Cardiac amyloidosis is an uncommon disease, but probably not as rare as many physicians think. It’s part of a series of diseases in which a protein is deposited in various organs, in this particular case in the heart, and these are a variety of proteins. In some cases, the amyloid is derived from abnormal cells in the bone marrow. This is called AL or light-chain amyloid. And it is akin to, very similar to but not identical to, multiple myeloma.
There are other forms of amyloidosis involving the heart. There is a genetic form and it turns out that one in 20 or one in 25 of the African-American population carries a gene, which puts them at risk of developing cardiac amyloidosis later in life. And then there is a form that occurs due to the breakdown of a normal protein, usually in elderly men, men in their seventies. And this refers to amyloidosis of aging. This is a disease which is probably markedly under-diagnosed, and all of these diseases are associated with the development of heart failure, which if untreated is progressive.
The diagnosis of amyloidosis, of cardiac amyloidosis, usually is in the patient who presents with congestive heart failure. Ideally it’s an astute clinician who picks up the echocardiographic abnormalities, maybe moves on to cardiac MRI and suspects the diagnosis.
The symptoms are really those of any patient who has congestive failure: shortness of breath, swelling of the limbs, difficulty lying flat at night. So it’s a very non-specific finding. Once a diagnosis of cardiac amyloidosis has been made, it’s very important to find the precise type. So before treatment we need a biopsy, which can be from outside the heart. In the case of light chain amyloidosis, it is sometimes from taking a small amount of fat from under the skin of the abdomen and examining that with special stains, or it can be with a cardiac biopsy. And then, once the diagnosis has been made and the type of amyloid has been determined, moving into a treatment program with chemotherapy for the light chain amyloid and newer agents for the TTR amyloidosis and screening family members for the familial amyloid patients to make sure that those who are gene positive are diagnosed really early before they develop symptoms.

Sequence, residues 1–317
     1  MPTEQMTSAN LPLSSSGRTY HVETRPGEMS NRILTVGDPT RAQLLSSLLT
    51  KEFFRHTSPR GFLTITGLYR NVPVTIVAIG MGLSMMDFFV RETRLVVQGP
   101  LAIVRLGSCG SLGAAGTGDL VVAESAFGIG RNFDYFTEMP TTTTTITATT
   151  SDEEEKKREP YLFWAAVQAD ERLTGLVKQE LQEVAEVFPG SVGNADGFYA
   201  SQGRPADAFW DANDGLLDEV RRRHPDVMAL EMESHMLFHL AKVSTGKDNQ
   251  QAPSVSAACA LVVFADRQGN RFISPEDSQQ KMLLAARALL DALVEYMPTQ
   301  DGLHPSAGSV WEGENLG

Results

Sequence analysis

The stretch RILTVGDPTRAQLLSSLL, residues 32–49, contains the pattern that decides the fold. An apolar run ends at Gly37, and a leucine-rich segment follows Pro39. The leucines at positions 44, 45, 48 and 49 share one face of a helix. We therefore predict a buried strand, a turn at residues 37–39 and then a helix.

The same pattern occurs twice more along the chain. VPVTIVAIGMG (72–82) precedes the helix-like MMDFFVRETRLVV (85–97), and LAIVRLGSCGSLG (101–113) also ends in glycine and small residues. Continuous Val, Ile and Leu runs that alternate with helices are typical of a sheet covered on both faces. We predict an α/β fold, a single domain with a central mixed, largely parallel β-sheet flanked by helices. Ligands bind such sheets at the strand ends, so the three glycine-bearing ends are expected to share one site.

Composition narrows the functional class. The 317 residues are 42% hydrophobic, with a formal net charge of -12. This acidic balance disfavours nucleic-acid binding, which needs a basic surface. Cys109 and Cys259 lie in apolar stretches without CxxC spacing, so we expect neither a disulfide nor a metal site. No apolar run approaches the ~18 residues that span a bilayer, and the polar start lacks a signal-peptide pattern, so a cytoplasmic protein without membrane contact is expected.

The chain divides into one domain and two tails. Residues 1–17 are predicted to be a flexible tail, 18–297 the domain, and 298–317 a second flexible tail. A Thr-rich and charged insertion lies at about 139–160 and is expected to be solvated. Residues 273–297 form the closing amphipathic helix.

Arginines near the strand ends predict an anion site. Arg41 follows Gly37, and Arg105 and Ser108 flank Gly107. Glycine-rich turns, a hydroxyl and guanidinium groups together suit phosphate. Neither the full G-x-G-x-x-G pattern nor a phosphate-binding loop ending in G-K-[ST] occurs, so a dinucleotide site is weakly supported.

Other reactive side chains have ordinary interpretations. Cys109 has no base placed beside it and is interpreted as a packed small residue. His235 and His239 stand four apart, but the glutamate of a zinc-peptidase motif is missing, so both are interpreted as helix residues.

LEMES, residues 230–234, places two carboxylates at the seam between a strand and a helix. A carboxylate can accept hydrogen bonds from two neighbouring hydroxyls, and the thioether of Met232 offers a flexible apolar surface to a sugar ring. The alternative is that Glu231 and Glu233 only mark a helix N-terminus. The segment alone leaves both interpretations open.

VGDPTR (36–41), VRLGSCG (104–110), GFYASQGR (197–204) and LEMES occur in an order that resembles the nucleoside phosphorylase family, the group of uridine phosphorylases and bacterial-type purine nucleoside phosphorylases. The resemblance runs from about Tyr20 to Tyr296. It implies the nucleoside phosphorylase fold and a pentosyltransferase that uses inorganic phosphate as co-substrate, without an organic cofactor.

The program was started here because there was really a need for a center that concentrated on cardiac amyloidosis. Whenever you have a rare disease you need somewhere that sees a lot of patients with that disease so that an expertise can be developed.
The other advantage of having a program for rare disease at the Brigham and Women’s Hospital is that, although it’s a standalone program for the disease, it takes into account the enormous variety and the enormous skills of the physicians here—in cardiology, in the subspecialties as well as the world-renowned experience of the multiple myeloma group at the Dana-Farber Cancer Institute. There are very few places that could offer that, that could come together and treat these complex patients.
Within the next five years the face of amyloid treatment will have changed completely. In the last decade we have seen the mortality decrease dramatically in AL amyloidosis for two reasons. First, because it is being recognized earlier. And second, because the agents initially used for multiple myeloma and pioneered by the Dana-Farber Cancer Institute Myeloma Group, among others, have now become standard therapy and are giving us remission rates that are two to three times what we were obtaining before in cardiac amyloidosis.
I would envisage that if not in five years, then certainly within 10 when we have a patient with TTR amyloid, if the promise of these agents turns out to be true, then we will stabilize their TTR. At the same time we will suppress the TTR. So you’ll knock it down by maybe 80 percent and stabilize the rest and be able to switch off the disease.